In 2016, five football players for Wheaton College—a Christian liberal arts school on the outskirts of Chicago—kidnapped a freshman teammate, bound him with duct tape, beat him, made violent threats and then left him half naked on a baseball field with two torn shoulders in 45-degree temperatures.
Hazing incidents are common in college sports, as are hazing incidents that go off the rails, turning into full-blown violent assaults. In this case, the incident resulted in five arrest warrants for the perpetrators, who are being charged with aggravated battery, mob action and unlawful restraint.
The victim has not been named by the Chicago Tribune, but released a statement saying that “This has had a devastating effect on my life,” he said in a statement to the Tribune. “What was done to me should never occur in connection with a football program or any other activity. … I am confident that the criminal prosecution will provide a fair and just punishment to the men who attacked me.”
The full details of the case are tough to read. In March of last year, the five teammates tackled the new freshman while he was watching television in his dorm room. They ignored his pleas to stop, stuffed a pillowcase over his head and threw him in the back of a vehicle, where they removed his clothes, suggested that they were Muslims, and threatened him with sexual abuse, according to the victim. When he told them to stop, he was beaten. The players drove to an off-campus park where they left the freshman on the ground, tied up, with no cell phone and no way to get home.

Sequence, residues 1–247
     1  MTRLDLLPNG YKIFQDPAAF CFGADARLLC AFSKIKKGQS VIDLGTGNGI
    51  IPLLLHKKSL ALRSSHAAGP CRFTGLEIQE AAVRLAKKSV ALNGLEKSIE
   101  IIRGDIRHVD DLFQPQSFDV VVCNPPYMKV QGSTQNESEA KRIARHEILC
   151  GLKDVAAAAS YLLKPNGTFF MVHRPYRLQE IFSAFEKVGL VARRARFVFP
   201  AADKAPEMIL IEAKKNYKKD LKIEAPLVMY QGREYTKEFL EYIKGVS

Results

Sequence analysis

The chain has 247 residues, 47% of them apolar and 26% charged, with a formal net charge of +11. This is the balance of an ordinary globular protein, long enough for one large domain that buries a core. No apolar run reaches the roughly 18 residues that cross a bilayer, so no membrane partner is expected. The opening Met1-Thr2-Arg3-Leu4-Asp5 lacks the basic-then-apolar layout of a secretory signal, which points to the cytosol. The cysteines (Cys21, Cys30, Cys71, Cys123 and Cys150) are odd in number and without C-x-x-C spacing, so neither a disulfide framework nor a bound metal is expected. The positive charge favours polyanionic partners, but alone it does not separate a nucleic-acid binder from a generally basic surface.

The freshman was eventually rescued by another group of students. He went to the hospital, suffering muscle tears in both his shoulders. He was overcome by emotion, prompting a nurse to alert the police. The next day, the freshman’s father picked him up from the school and he dropped out a short time later. He now attends college in Indiana.
“The conduct we discovered as a result of our investigation into this incident was entirely unacceptable and inconsistent with the values we share as human beings and as members of an academic community that espouses to live according to our Community Covenant,” campus spokeswoman LaTonya Taylor said in a statement. “We are profoundly saddened that any member of our community could be mistreated in any way.”